On Tuesday, the Rams held their third annual playground build. The entire organization with the exception of the receptionist spent the day paying it forward and giving back to the community in a very uplifting way.

In 2009, I was extremely fortunate to be a part of the first annual Rams playground build that took place in East St. Louis at a park that was in much need of a major facelift. At the end of the day, when walking away from the project and knowing you helped in the total transformation of an area that many will now enjoy, I forgot how totally exhausted I was. Your heart is full of gratification knowing that a community will call that their park and enjoy it each and every day. The 2010 project was at the St. Louis Public School District at Monroe eMints Academy.

On Tuesday, coaches, front-office executives, marketing and sales, sponsorship, media relations, ticketing and the personnel department caravanned to the 2011 location, Giant Steps of St. Louis. There is a process one must go through in order to be awarded the playground build. Schools in both Missouri and Illinois applied for the chance to be awarded this special philanthropic project.

Giant Steps was nominated by Patricia Kopetz, Ed.D., the E. Desmond Lee Endowed Professor in Education of Children with Disabilities at the University of Missouri, St. Louis.

“I consider Giant Steps a partner in championing best educational practices for children with autism,” Dr. Kopetz said. “The playground will enhance an already valuable program. I’m delighted that the Rams chose Giant Steps!”

Moving into their new location in Maplewood, Giant Steps was established by a group of parents in 1994, so that all St. Louis-area children could have access to a comprehensive, coordinated system of autism intervention and education under the same roof. The former Concordia Lutheran School has plenty of space for Giant Steps’ growing program, and they receive their inspiration and model of success from Giant Steps of Montreal, a center-based program that had pioneered a highly effective, whole-child approach to treating autism.

As I pulled around the corner to my final destination with Giant Steps just in front of me, I parked curbside at the Post Office bearing a sign that read 15-minute parking only. Of course, I ignored that and headed across the street to witness the Rams’ organization at work.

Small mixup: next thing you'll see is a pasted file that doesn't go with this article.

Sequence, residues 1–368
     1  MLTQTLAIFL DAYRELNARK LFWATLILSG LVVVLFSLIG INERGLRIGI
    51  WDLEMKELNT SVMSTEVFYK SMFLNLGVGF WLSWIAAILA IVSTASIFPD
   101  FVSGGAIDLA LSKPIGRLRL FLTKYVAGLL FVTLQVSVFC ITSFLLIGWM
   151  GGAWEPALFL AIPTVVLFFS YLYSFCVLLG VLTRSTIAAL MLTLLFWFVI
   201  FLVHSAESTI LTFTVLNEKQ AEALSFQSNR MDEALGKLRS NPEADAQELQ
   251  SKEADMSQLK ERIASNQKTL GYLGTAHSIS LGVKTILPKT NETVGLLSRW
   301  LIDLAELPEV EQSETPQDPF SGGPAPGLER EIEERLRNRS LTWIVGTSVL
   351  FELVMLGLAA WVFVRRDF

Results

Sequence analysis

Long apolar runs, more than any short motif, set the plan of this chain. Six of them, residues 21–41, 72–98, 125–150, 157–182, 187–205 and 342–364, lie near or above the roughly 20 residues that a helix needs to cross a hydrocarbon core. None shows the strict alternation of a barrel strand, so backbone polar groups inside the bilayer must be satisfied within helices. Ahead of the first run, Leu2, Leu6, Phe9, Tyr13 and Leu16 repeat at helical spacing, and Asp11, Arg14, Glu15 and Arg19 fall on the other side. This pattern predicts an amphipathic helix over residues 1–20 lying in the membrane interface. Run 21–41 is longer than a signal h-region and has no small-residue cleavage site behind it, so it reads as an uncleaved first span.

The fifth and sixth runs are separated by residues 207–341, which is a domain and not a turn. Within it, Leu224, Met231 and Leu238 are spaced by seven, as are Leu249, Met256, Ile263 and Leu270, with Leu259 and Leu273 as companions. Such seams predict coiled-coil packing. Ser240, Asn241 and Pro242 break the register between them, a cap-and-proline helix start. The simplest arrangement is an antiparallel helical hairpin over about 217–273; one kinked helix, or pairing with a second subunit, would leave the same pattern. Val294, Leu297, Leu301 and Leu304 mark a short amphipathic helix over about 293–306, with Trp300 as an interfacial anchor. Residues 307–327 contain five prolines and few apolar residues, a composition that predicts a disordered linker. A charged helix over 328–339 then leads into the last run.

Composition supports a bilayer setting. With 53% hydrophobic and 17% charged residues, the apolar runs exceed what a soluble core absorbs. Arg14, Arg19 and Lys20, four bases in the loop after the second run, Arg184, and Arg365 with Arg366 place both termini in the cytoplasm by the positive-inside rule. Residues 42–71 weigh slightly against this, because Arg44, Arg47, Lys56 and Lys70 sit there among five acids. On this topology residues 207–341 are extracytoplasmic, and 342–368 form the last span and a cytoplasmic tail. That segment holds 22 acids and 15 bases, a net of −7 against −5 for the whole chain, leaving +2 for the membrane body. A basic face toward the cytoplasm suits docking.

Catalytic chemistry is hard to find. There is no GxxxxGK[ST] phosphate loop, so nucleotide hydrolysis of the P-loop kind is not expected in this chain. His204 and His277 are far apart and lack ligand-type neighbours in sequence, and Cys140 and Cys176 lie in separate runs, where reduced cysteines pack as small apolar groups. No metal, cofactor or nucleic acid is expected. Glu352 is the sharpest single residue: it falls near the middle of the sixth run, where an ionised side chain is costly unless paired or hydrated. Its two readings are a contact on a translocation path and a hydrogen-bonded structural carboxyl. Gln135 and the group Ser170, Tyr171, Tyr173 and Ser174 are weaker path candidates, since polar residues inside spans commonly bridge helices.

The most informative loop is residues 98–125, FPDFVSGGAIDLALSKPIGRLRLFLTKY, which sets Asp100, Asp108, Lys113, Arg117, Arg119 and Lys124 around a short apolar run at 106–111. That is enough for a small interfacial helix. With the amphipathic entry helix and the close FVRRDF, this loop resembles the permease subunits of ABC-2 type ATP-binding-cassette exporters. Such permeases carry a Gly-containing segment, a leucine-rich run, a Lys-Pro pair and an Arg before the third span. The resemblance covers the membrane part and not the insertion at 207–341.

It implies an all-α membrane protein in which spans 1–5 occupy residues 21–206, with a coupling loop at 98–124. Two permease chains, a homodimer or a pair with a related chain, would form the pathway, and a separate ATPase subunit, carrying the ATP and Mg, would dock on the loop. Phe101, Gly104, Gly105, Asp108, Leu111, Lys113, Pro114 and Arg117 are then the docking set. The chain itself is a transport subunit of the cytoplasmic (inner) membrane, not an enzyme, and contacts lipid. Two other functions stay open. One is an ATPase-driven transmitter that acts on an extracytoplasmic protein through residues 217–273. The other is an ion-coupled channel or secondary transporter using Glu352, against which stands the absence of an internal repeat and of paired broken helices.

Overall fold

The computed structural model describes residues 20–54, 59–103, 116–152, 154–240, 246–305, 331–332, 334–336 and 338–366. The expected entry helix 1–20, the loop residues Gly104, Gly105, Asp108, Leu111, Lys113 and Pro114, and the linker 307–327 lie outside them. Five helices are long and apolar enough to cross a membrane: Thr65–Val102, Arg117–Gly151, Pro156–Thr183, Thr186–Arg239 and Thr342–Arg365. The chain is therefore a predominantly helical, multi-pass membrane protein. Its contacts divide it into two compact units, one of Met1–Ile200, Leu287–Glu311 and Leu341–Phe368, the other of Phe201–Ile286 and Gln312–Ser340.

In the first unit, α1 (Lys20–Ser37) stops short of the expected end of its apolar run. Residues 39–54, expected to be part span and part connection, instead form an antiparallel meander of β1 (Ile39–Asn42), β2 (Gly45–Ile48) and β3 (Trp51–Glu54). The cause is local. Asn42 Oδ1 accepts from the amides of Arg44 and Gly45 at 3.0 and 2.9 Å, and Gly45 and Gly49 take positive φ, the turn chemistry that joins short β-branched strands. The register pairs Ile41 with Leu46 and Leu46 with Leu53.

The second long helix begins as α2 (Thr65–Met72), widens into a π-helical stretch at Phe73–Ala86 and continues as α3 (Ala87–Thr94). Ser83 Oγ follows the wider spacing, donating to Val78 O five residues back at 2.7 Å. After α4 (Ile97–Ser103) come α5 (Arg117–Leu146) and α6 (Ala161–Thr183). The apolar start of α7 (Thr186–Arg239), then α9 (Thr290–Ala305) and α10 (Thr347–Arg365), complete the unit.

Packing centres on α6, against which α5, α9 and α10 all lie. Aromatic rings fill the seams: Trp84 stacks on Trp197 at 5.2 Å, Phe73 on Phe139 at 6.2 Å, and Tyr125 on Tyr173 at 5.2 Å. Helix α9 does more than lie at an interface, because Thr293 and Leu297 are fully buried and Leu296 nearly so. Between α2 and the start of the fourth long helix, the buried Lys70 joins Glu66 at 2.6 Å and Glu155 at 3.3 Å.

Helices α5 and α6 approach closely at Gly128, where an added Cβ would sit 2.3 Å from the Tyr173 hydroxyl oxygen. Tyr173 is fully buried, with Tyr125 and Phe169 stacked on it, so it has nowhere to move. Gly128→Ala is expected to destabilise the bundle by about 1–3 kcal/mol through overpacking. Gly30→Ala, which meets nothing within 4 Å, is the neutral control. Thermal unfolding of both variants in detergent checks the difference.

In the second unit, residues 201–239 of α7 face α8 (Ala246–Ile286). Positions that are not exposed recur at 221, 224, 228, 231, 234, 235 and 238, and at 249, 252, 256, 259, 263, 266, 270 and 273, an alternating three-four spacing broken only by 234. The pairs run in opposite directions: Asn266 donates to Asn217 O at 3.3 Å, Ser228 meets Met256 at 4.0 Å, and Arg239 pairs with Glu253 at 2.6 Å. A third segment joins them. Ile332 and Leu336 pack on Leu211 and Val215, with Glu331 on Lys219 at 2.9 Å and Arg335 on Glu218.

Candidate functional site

I first located Ted Crews, the Rams’ senior director of media relations and was given a tour of the school by Molly Higgins (a Rams vice president), which was quite nice. Inside I found Rams staff giving the walls a fresh coat of paint and on many of the walls were hand-painted murals of giant flowers, which looked very nice. Outside the main entrance on both sides of the walkway, a major facelift with new plants and bark which surrounded several trees that gave much needed shade and stood among a giant flagpole.

On the far side of the school is where the new playground was being constructed. To see it is to appreciate it. The organization worked like a fine-tuned machine. Everyone involved had responsibilities, group leaders and project managers were in charge of indoor renovation, grounds rejuvenation and playground build. The playground had individual play areas, a large slide (semi-circular) and a fitness structure that was attached. All items are safe and tailored to children with special needs. As mentioned in the Rams’ press release, they partnered with NuToys and leisure products.

I spoke with Nora Kelleher, Giant Steps director of development. She told me, “The mission of Giant Steps of St. Louis is to empower children with autism spectrum disorders to participate fully in all aspects of life, which includes home living, community and education.”

I also spoke with Kim Favignano, Giant Steps program manager, who was all smiles, overwhelmed and in borderline tears over the project that was unfolding right before her eyes.

“We’re excited to be able to offer this assistance to Giant Steps,” Rams head coach Steve Spagnuolo said in a recent news release. “We look forward to not only building these kids a playground, but also preparing the inside of the school so it’s ready for the students the first time they walk into the building this fall.”

The program opened in September 1994, with 12 students and 12 staff members. A six-week summer program, Camp Giant Steps, was added in 2005. Today, Giant Steps serves 50-60 students and campers each year at its facility in the St. Louis suburb of Maryland Heights.

Giant Steps’ approach starts with the respect of the student. They understand the challenges of living with autism: anxiety, sensory discomfort, and the frustration of struggling to communicate or master the skills of every-day living. When students join the program they learn that their sensory needs will be honored. They learn that their fears and anxieties will be addressed. They learn that there is help when finding the means to express themselves and take the time to understand.

Generally, the Rams’ players would be in attendance lending a helping hand along with a lot of muscle in the pounding 90-degree heat. But with the lockout in effect, and despite it being a charitable event, there was not a player in sight.